What happens when a leading Management Consulting Firm is acquired by a leading Accounting giant? The answer: Booz & Co. takes on a new name—Strategy&. What does this new name and image mean in the consulting world?
Booz & Co. is Now Strategy&
WSJ—Accounting giant PricewaterhouseCoopers completed its acquisition of management-consulting firm Booz & Co. on Thursday and has renamed Booz “Strategy&.”
The deal, announced last fall, is among the most prominent acquisitions by an accounting firm in years, and it furthers PwC’s recent push into the consulting field. PwC’s consulting business brings in nearly a third of its revenue and is growing faster than its core auditing business.
“We think it’s a really big step forward for PwC,” said Dennis Nally, PwC’s global chairman.
Partners at Booz approved the deal in December, and “a significant majority” of the partners have formally joined PwC, Mr. Nally said. The deal also has all necessary regulatory approvals. Financial terms of the deal haven’t been disclosed.
Strategy& Provides Consulting and Actionable Advice
Mr. Nally and Booz Chief Executive Cesare Mainardi, who is staying on as CEO of the acquired firm, said the name “Strategy&” came from what they see Booz as adding to PwC—an ability to not only counsel companies on corporate strategy but to help them translate that advice into concrete steps they can take.
“There’s a real desire for companies to not only have outside strategic advice but also help them deal with execution,” Mr. Nally said.
A new name for Booz was needed because of the terms of its 2008 split from the firm now called Booz Allen Hamilton, said Mr. Mainardi. Under that deal, Booz & Co. couldn’t continue to use the Booz name if there was a change in control of the firm.
Booz will add to PwC’s $9.2 billion in global consulting revenue in fiscal 2013, which was 28.5% of its $32.1 billion in total global revenue. That is up from 21.7% in fiscal 2009. PwC’s consulting revenue rose 7.6% at constant exchange rates in 2013 over the previous year, compared with 1.4% for audit revenues.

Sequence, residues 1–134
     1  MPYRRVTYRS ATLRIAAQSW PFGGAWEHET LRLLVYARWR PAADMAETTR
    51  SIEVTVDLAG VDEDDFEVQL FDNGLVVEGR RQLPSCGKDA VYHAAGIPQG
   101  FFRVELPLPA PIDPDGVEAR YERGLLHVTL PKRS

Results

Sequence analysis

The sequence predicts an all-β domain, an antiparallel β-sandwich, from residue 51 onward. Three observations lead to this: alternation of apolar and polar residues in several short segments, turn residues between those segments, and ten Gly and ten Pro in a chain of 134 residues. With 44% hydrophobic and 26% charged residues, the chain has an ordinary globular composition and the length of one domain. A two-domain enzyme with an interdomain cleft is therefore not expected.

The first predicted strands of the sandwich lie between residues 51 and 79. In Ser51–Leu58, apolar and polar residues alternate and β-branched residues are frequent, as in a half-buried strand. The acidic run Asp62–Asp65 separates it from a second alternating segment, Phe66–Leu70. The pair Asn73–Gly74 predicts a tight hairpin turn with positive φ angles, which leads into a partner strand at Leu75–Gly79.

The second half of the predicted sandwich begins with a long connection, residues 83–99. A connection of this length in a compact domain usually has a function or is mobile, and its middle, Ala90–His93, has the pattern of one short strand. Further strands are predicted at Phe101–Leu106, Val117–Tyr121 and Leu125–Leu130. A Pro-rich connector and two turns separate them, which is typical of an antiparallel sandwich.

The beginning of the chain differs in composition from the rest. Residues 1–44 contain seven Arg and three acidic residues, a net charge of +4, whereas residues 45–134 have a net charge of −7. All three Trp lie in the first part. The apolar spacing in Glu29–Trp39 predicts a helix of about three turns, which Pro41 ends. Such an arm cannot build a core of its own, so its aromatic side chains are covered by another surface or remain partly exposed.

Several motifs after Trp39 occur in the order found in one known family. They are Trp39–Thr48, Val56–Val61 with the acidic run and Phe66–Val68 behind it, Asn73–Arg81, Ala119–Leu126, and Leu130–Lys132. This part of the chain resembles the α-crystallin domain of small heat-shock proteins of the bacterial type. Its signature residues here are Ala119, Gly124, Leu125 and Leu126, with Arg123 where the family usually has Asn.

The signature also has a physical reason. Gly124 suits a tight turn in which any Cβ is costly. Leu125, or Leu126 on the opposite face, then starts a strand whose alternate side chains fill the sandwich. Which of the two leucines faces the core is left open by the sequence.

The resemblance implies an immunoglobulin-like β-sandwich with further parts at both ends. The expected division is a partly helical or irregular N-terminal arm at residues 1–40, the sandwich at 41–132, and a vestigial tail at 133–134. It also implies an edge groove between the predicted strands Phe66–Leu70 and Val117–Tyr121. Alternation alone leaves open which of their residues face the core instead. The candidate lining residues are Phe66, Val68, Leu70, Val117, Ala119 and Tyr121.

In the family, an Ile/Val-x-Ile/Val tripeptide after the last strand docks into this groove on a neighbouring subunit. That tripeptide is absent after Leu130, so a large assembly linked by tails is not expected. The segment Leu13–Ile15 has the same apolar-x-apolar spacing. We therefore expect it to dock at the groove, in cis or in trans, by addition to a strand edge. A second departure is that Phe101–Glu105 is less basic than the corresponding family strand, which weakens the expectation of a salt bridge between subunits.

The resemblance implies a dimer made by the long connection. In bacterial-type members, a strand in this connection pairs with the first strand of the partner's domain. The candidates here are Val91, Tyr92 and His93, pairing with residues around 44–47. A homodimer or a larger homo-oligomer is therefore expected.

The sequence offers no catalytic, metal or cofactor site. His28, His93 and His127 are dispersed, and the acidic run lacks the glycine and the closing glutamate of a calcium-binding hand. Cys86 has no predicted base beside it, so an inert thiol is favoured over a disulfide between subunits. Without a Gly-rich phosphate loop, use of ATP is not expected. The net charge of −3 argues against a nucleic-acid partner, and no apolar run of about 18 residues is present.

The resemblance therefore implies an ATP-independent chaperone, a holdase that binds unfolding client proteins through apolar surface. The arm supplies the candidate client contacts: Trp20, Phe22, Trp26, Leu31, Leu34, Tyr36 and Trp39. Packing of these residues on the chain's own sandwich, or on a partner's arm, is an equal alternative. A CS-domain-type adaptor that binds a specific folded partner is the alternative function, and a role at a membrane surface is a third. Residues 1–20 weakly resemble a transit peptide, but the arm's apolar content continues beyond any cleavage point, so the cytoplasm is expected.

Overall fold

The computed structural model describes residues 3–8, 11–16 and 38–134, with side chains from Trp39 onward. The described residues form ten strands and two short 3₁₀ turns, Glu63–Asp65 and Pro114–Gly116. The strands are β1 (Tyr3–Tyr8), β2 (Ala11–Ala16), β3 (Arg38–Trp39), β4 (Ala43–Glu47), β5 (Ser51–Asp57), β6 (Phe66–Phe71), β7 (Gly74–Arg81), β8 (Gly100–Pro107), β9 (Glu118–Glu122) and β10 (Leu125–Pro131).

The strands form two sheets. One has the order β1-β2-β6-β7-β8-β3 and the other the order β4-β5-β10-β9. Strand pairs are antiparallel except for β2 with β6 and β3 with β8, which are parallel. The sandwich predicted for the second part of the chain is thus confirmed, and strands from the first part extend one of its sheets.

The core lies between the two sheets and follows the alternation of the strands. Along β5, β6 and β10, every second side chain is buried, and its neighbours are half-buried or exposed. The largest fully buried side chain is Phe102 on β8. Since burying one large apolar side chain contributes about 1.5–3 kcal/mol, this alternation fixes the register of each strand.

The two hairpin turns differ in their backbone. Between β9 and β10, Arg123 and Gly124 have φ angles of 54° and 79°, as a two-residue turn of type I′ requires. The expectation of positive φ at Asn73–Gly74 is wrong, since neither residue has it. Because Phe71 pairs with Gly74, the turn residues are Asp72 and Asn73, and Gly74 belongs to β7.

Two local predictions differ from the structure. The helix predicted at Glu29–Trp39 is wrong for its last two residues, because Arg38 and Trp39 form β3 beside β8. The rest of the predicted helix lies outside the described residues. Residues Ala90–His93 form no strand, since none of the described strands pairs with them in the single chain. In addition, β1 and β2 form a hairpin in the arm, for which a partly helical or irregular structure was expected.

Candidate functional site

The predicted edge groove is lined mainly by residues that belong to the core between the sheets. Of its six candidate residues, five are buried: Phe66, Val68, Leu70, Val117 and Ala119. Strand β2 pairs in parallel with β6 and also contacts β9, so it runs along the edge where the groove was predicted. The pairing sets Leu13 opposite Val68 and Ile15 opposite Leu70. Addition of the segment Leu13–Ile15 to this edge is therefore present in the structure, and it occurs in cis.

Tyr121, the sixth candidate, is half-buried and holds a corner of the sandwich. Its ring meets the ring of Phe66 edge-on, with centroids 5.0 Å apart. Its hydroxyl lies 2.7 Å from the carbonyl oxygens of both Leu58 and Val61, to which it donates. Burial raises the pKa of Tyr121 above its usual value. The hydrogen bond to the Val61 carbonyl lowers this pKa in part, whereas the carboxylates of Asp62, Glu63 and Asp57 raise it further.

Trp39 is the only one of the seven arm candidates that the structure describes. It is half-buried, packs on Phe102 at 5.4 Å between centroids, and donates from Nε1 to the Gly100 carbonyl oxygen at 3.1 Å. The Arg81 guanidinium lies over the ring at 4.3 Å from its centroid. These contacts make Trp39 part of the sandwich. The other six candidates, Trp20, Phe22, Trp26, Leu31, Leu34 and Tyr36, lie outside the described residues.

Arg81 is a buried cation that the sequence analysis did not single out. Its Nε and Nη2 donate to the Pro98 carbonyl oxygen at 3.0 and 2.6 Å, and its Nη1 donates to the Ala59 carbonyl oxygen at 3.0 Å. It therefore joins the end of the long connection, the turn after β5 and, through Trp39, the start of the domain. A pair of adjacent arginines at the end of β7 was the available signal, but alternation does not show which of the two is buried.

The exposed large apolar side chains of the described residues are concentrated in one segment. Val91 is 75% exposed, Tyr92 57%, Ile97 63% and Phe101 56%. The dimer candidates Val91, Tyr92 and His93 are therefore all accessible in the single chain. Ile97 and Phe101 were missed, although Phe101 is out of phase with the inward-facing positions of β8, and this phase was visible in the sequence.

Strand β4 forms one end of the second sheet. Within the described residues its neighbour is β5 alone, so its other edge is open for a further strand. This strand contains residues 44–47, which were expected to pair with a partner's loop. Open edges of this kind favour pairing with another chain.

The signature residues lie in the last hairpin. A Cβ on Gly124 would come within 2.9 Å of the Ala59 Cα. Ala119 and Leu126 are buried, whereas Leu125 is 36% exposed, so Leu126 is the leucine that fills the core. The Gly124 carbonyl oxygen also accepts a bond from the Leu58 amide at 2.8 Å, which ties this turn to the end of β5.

Strategy& follows Monday in odd PwC Company Names
Strategy& isn’t the first odd corporate name associated with PricewaterhouseCoopers. When the company’s consulting arm was planning to split off from its accounting operations more than a decade ago, it announced that it was changing its name from the staid PwC Consulting to the more cryptic “Monday,” drawing an outpouring of commentary. The point became moot later that year, when International Business Machines Corp. agreed to buy PwC Consulting and absorbed the consulting operation into its business services operations.
Since the sale to IBM, PwC has rebuilt its consulting operations, and other accounting firms that once divested themselves of their consulting arms have done the same. While the Sarbanes-Oxley Act bars accounting firms from providing many types of consulting services to companies they audit in the U.S., because of concerns over conflicts of interest, PwC and the other firms have focused on consulting for companies they don’t audit, as well as for companies outside the U.S. where Sarbanes-Oxley doesn’t apply.
When PwC and Booz agreed to the deal, some were concerned that the combined firm would have to give up some client work from companies that currently use both PwC for auditing and Booz for consulting, to prevent conflicts under Sarbanes-Oxley.
But so far, only one company, Hillshire Brands Co., has said it is dropping PwC as its auditor because it also is a Booz consulting client, though it is still possible other client losses could occur.
Mr. Nally said the client losses at PwC have been “de minimis” thus far. He also said “very few” partners have left Booz because of the merger.
New Name, New Image
Does this mark the future of brand identity for consulting firms? This isn’t the first big change in name in financial giants in the past couple years. Look at the recent ING USA change in name to VOYA or Scotiabank changing the name of ING Direct to Tangerine. This rebrand, however, has many analysts and branding executives scratching their heads, questioning whether or not the name was a typo.
We look forward to the updates in this naming saga.
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